How do you go about identifying the genuine article when you hear it? What qualities do you listen for that tell you the difference between an original and a clone? I might not have all the answers, but I do know someone who does: Henry Gray.
Isnt that always the way? We know and can identify the imitators all too well, but the genuine articles, the true originals, can walk right past us, slap us on our collective backsides, and still pass by unnoticed. Such seems to be the case for Henry Gray, who, after over 50 years in the music business, is still relatively unknown, still pumping out the classic Chicago blues he helped establish.
Henry Gray, along with Pinetop Perkins, is one of the last remaining real Chicago blues pianists alive. He was born just outside of New Orleans in a little town called Kenner, and moved to Chicago in 1946, after serving a stint with his Uncle Sam during WWII. After spending a few years clubbing around, Gray came first to the attention, and then under the influence, of the legendary barrelhouse pianist Big Maceo Merriwether. In 1956, having honed his craft at the feet of one of the undisputed masters, and gigging around with other young blues musicians, he got THE call -- he was asked to join the band of the great Howlin' Wolf.
For the next dozen years, while a mainstay in Wolfs band, Gray still found time to perform with blues giants like Muddy Waters, Jimmy Rogers and Little Walter, among others, for the Chess label. And since leaving Wolf, the list of Blues musicians that Gray has played with would choke a horse: B.B. King, Elmore James, Robert Lockwood Jr., Billy Boy Arnold, Johnny Shines, Hubert Sumlin, Lazy Lester, Jimmy Reed, Little Milton, Buddy Guy, James Cotton, Guitar Slim, Koko Taylor, and Taj Mahal (you Analogue Productions fans, recognize any of those names?). You dont get to play with musicians of that caliber if you dont have talent. Henry Gray can play. He can also sing, with a leather-and-whiskey voice that fits his blues piano style perfectly.
Gray breaks no new musical ground here, but then, why should he? When youre an original, you just do what you do and do it well. That, in a nutshell, is Henry Gray's Plays Chicago Blues. Gray, together with former Wolf alumnus Chico Chism on drums, Bob Margolin or Kid Ramos on guitar and Bob Corritore (who also produced this album) on harmonica, has produced a record that is a prime example of what electric Chicago blues is all about.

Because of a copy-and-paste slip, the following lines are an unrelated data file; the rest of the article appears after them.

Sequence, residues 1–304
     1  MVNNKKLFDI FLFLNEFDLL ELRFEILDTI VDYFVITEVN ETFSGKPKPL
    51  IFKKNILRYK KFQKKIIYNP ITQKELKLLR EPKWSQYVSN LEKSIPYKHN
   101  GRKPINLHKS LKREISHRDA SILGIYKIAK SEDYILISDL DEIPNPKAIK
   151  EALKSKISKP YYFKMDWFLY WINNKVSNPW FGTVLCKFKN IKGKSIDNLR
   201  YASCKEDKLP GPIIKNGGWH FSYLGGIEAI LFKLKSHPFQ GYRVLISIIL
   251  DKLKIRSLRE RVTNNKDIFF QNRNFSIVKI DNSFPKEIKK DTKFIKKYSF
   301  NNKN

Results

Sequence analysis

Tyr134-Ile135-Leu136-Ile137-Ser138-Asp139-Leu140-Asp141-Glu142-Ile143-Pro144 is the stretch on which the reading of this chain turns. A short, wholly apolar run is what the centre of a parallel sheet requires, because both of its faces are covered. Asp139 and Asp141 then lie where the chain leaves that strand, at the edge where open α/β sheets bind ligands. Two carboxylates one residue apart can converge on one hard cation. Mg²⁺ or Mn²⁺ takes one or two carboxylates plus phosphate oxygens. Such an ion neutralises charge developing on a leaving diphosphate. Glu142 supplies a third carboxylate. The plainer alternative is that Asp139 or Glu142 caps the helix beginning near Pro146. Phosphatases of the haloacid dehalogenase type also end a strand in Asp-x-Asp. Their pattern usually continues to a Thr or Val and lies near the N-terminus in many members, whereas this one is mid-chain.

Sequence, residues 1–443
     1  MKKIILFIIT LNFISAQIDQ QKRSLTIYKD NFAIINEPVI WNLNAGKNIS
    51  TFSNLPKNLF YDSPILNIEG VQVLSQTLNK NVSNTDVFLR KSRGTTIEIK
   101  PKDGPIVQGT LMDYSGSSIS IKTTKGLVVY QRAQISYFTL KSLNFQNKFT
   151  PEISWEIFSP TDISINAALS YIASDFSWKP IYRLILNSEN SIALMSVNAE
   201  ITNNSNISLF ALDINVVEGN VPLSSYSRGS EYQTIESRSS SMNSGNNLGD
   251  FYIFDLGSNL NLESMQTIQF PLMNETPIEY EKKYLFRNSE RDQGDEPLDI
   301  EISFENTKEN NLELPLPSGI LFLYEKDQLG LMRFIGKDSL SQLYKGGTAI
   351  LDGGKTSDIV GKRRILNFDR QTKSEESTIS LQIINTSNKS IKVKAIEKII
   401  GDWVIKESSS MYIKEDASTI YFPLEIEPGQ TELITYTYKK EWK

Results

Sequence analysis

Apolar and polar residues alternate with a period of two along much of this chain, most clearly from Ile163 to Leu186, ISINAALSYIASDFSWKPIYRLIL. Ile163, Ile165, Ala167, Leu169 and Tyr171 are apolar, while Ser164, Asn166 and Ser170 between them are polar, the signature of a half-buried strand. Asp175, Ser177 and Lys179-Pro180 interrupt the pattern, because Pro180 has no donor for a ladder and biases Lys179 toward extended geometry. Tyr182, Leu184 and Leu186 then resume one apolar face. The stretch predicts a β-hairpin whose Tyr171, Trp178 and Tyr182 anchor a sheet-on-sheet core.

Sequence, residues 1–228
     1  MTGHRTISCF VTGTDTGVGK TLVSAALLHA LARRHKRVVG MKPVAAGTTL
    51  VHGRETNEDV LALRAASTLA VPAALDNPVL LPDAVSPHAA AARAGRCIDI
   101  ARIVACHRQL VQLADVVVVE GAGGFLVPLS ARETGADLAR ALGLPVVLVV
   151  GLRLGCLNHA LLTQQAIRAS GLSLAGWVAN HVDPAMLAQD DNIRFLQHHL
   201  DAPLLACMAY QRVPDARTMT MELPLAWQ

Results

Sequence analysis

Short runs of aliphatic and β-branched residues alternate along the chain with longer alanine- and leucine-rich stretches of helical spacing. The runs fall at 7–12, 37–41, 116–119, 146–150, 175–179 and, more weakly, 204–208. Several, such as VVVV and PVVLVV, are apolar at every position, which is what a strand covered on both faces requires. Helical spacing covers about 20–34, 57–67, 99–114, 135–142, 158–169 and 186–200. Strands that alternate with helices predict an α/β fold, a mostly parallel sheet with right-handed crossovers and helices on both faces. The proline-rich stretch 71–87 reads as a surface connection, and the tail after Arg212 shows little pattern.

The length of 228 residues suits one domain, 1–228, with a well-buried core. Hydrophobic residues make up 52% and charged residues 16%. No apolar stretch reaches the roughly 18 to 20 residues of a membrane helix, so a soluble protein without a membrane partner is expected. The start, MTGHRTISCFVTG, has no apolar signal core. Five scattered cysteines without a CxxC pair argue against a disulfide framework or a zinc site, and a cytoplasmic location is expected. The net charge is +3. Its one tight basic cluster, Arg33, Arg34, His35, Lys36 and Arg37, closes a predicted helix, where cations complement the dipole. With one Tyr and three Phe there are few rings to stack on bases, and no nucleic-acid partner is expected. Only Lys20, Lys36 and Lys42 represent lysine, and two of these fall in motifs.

The sound here, in contrast to the music, is something of a disappointment. Its easy to tell that this is a multi-track studio recording. There is little air evident. The soundstage, what there is of it, is between the speakers and flat, with everything piled up on everything else. Nothing stands out except the Grays piano, voice and, of course, the music. But the sound is never bad enough to get in the way of Henry Gray and his blues.
After 76 years of life and over a half-century of playing the blues, Henry Gray has honed his craft down to the bare essentials. He doesnt try to sugarcoat his style or cater to the masses. And he doesnt do covers or "pop"ularize his music. All he does is sing and play the blues. Just like a true original.
If youre not sure whether or not you like this type of blues, or youd just like one album that sums up this style to add to your collection, then Plays Chicago Blues just might be your ticket. If youre a blues fan, get that ticket punched ASAP.
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